How has Brexit affected the FTSE 100?

When David Cameron and the Conservative party campaigned for an EU referendum in 2015 it was then difficult to envisage the scale of the chaos it would cause. The UK voted to leave Europe by a slender margin of 52% to 48%.
In the first few hours following the announcement of the results global markets panicked. The Guardian claimed that the vote wiped out a colossal two trillion USD off the global market in the first few hours of trading following the vote. But what happened to the FTSE 100? The index composed of companies listed on the London Stock Exchange with the highest market capitalisation and commonly considered the main benchmark of the UK economy? The exact opposite. The FTSE 100 jumped following the Brexit vote and by December of 2016 Britain’s blue-chip share index closed at a new all-time high, closing the year up 14.42 percent and adding about £232bn to the value of companies listed.
So why did the FTSE 100 rally following a vote which wiped 2 trillion USD? Well, it’s quite simple. As the value of Sterling plummeted the night of Brexit the overseas markets jumped at the opportunity to purchase what was considered under-valued UK based stocks. The record close meant the FTSE was Europe’s best performing major stock market in 2016.
Billions pouring into the UK stock market sounds on the face of it extremely good news for the UK economy, but the reality was somewhat different. The composition of the FTSE 100 is mainly multinational companies that are listed on the LSE (London Stock Exchange) but who operate globally. The vast increase in demand and subsequent trading of LSE listed stocks has no immediate financial benefit to the company itself as the profits of the trade are passed to the former shareholder.
When looking at how Brexit has affected the UK economy, analysis of the FTSE 100 is arguably not the strongest indicator. The FSTE 250 which comprises of the 101st to 350th largest companies trading on the UK stock market (the London Stock Exchange) offers a wider and more localised representation of the British economy. The FTSE 250 has a larger number of firms that exclusively trade within the UK.
So, what happened to the FTSE 250?
The FTSE 250 fell 13% in two days after the vote. We are of course now the three-years on from when the UK voted to leave, so what has happened to the UK indices since?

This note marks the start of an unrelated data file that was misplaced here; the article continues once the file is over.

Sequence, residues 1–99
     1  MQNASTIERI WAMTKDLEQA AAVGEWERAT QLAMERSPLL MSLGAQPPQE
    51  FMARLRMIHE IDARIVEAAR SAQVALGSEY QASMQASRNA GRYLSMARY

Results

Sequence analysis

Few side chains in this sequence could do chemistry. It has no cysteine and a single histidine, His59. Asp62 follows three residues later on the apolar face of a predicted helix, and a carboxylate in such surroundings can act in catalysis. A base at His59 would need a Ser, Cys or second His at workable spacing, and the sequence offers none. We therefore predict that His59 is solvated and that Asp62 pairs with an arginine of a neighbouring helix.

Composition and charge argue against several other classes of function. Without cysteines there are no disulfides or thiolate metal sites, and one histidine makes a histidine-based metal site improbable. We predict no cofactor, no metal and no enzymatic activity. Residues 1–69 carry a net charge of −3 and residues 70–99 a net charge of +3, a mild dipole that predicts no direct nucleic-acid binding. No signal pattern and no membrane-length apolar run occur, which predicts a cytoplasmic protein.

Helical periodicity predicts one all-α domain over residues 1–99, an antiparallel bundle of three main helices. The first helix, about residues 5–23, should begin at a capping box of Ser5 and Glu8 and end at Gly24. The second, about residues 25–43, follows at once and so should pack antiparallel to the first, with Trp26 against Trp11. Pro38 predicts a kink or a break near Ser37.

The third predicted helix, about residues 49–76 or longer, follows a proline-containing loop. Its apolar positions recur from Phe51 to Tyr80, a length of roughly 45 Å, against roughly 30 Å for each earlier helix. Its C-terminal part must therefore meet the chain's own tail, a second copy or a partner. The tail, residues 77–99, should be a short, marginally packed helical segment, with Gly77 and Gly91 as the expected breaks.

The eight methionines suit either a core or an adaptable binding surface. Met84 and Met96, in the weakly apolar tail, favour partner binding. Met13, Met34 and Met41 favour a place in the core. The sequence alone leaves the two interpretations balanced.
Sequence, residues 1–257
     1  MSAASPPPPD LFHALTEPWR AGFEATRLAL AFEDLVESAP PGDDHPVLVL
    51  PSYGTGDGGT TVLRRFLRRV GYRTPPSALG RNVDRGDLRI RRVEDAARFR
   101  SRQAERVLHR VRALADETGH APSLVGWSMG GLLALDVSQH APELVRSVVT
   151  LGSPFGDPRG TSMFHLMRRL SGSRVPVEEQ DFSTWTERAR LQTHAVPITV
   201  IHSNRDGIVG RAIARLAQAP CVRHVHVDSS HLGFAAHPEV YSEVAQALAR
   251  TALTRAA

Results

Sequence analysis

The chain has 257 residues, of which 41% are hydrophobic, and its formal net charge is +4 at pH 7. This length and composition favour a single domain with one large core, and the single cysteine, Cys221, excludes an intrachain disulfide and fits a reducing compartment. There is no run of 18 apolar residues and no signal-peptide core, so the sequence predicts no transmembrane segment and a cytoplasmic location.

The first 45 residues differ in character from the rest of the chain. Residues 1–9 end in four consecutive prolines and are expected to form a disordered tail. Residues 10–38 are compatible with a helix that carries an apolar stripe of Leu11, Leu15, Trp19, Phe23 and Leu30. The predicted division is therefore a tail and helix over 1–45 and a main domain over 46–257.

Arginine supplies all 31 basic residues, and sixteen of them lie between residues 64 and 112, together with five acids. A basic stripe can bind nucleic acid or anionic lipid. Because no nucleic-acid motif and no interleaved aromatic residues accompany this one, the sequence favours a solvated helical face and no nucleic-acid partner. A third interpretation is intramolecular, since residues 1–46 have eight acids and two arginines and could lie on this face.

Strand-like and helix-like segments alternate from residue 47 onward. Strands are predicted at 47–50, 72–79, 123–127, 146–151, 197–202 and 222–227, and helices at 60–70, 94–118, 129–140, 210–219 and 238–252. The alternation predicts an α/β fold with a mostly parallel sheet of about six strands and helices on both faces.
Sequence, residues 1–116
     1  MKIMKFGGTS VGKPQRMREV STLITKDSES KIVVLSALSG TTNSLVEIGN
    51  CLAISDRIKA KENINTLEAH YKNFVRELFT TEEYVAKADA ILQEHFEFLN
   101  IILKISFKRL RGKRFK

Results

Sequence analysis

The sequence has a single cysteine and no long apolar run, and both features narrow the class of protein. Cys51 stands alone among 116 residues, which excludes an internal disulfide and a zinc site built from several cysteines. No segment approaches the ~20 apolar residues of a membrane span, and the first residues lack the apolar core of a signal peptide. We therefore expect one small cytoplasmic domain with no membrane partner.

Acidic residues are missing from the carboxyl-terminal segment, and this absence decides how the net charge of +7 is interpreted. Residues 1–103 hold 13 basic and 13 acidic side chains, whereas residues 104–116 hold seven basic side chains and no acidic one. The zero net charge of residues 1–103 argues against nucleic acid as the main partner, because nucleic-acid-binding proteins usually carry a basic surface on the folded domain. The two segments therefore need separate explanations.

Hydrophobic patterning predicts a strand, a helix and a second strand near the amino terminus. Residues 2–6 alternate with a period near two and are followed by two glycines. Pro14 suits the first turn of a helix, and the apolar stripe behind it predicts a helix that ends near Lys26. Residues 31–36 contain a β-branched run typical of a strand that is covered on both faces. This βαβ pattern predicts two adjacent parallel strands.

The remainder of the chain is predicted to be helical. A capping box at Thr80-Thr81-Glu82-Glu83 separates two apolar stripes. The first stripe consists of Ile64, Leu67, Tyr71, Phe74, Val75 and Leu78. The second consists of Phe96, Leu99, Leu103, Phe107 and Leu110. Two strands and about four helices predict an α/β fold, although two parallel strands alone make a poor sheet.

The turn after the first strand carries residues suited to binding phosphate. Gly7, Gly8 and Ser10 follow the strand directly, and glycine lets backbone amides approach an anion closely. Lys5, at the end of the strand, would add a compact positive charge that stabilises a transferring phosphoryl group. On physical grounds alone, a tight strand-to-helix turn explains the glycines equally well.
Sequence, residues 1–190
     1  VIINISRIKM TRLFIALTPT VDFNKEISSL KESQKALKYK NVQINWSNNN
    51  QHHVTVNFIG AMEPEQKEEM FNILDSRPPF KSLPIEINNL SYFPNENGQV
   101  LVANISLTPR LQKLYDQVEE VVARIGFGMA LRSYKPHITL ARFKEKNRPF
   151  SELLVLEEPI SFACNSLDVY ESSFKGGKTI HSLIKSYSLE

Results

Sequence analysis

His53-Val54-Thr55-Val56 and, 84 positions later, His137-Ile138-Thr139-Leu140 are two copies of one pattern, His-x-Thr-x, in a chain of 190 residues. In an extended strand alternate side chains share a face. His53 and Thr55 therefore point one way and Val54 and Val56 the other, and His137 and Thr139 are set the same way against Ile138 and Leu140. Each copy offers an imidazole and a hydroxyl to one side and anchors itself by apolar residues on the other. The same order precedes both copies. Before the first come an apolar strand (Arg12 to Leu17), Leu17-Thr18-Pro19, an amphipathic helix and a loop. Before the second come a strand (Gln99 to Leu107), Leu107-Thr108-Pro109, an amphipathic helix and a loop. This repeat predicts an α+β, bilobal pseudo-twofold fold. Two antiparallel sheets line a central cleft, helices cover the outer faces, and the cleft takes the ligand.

The FTSE 100 continuously grew for around two years following the Brexit vote. In 2018 however, the FTSE 100 saw its worst year in a decade, with the Guardian claiming ‘economic worries, Brexit uncertainty and the trade war between the US and China all spooked investors’. Again, with the FTSE 100 being more sensitive to the international market place the global tensions most notably between the US and China had perhaps more of a significant impact.
So, what about the FTSE 250 and the local index?
Since the Brexit vote, ‘FTSE 250 companies have struggled versus their large and small-cap peers. Has the “sweet spot” permanently soured?’ (1). Why this is the case has to do with what we have touched upon before in the article the “Mid-caps are more focused on the domestic UK economy. While the companies in the FTSE 100 generate three-quarters of their earnings internationally”.

So the general picture for the UK economy in a broader sense is Brexit is certainly causing UK mid-cap companies who operate predominantly domestically to struggle somewhat whilst the MNC’s linked with the FTSE have capitalised on the weakness of Sterling and the overall uncertainty in the market place.

Of course, the weak sterling does present the opportunity for UK based businesses. The weaker sterling makes UK exports significantly more competitive for foreign buyers and may incentivise UK businesses to prioritise overseas trade in the short term. The knock-on effect of this? Higher prices for UK consumers. Moreover, the weakness of Sterling from Brexit also means imports to the UK become slightly more expensive.

If Brexit does eventually materialise the true trade impacts will be measurable depending on the agreements (if there are any). For now, the uncertainty will continue to create highly volatile conditions on both the strength of Sterling and within the FTSE indices. An element of stability is arguably inevitable when the negotiations conclude, until then, the uncertainty from Brexit will likely continue to have a negative impact on UK based shares and the value of Sterling.

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